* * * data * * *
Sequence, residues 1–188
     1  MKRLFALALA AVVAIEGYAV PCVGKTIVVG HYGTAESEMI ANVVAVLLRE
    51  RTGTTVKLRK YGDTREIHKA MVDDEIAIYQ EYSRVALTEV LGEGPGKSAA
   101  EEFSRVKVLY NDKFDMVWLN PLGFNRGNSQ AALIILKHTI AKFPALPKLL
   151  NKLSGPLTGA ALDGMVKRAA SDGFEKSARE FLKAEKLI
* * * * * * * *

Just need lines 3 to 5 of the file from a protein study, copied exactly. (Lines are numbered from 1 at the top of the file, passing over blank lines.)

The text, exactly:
    51  RTGTTVKLRK YGDTREIHKA MVDDEIAIYQ EYSRVALTEV LGEGPGKSAA
   101  EEFSRVKVLY NDKFDMVWLN PLGFNRGNSQ AALIILKHTI AKFPALPKLL
   151  NKLSGPLTGA ALDGMVKRAA SDGFEKSARE FLKAEKLI